When earnest young believers discover the freedom to question the religious requirements of their elders, they sometimes revel in the freedom to doubt apart from the quest for the truth. The sad result is they simply shed one overbearing master for another, and place their trust in the authoritative voice of science because they no longer trust the voice of religious authority. I’d like to suggest a subversive question: what if both sides miss the point? We can argue the facts and miss the voice of the Spirit.
I’m tired of the debates over whether the earth is young or old. Both sides miss the wonder that the earth exists at all. I’m impatient with the struggle between whether the text is “factual” because neither side seems to be concerned with what the text says to every generation. Facts change from century to century; truth is timeless. I try never to confuse the facts with the truth. Orthodoxy is the settled opinion of whoever is in charge: the voice of the Spirit instead points to the One who is alive, who is loving, who is good, and smarter than us all put together.
Jesus does not submit himself to the latest round scientific discoveries nor to religious scholars who confer degrees. Instead, he comes with a simple offer to his disciples, “Take my yoke upon you and learn from me, for I am gentle and humble in heart, and you will find rest for your souls.” He is speaking above the fray.
To argue over facts is to miss the message of the Spirit. The One who brooded over the waters of chaos is busy revealing the truth about the world and all who dwell therein. To demand a specific interpretation of Genesis is to bottle up the Living Word. Don’t tell me “Aslan is not a tame lion” even as you try to back him into a religious corner.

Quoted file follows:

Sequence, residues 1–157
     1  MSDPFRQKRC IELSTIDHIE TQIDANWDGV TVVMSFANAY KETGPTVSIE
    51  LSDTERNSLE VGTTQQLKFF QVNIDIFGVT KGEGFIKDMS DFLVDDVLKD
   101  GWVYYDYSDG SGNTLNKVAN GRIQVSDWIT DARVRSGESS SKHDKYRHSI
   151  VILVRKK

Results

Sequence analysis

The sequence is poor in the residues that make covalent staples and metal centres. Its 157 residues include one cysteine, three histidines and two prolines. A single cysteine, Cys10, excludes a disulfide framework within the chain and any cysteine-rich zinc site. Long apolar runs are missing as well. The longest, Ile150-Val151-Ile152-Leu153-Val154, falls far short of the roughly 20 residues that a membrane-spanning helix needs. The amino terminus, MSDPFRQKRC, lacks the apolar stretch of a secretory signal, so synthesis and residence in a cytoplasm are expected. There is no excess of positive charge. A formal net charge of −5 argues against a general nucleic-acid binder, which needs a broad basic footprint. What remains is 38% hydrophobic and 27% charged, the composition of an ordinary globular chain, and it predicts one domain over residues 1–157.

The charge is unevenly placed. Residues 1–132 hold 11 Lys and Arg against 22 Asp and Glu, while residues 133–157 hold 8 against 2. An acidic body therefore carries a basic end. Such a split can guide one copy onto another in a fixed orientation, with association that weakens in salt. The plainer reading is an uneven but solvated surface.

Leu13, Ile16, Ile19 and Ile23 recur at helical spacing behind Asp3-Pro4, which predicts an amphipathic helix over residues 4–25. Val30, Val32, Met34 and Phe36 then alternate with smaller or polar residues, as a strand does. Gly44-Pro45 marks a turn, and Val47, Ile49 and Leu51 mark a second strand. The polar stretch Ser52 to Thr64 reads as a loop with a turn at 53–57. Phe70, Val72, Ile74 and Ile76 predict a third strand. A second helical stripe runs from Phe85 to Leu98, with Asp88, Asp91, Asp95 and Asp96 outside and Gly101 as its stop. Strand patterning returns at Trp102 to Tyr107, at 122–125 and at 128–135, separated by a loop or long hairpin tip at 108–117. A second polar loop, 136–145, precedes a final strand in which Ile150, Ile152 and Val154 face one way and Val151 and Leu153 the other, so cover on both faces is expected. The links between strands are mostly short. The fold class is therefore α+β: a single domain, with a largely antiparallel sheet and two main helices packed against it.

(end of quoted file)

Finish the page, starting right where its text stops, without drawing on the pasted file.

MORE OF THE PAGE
What if we set aside both our doubt and our certainty, listening instead for the voice of the Master? I’d like to suggest that anyone smart enough to create and sustain the universe is smart enough to write a book that can last through the ages of scientific discovery. What if we are missing the banquet table he set for us? May I share just three appetizers of the meal that remains to be enjoyed in Genesis?
1). Genesis tells us all of creation is good: Science cannot tell us creation is good, it can only point to the obvious--that creation is. Have we failed to hear the voice of the Spirit affirming the goodness and wonder of all that we see? In whatever manner he chose to create, God has transformed his innate goodness into the air we breath and the earth we walk. What if we concentrated on witness of creation rather than the method?
2). God Himself rested: When we read that the Creator God rested on the seventh day from all he had done, we are invited to discover the mind-blowing possibility that by resting from our labors we can become imitators of God. The failure to observe the sabbath is not simply a transgression against some religious law but rather a missed opportunity for transformation.
3). One account is not enough: When we notice the distinctive difference in focus and tone between Genesis 1 and Genesis 2 (I know--it starts at 2:4b, actually) we discover the liberating reality that one account is not enough to describe the nature of God. Chapter One reveals an Eminence who creates from afar off--he spoke, and it was done; he commanded, and it stood fast. Power, glory, and majesty shine forth from this transcendent picture. But that is not enough: in Chapter Two reveals the tender mercies of the God who comes near. The Creator of the universe personally fashions the man and kisses the breath of life into his handiwork. The first picture leads me to trust in God’s power and greatness; the second assures me of his love and care. I am not forced to choose between a god of power and a god of love. He is both, and He is real.
These three ideas are merely suggestions, not definitive judgments on the “meaning of the text.” Yet suggestions like these have given me the freedom to listen for his voice instead of demanding an answer. Do we really imagine our intellect can contain his voice? I prefer to hike the trails in the forest of his revelation. Let the scientists and theologians both examine the leaves, I want to see the beauty of the woods.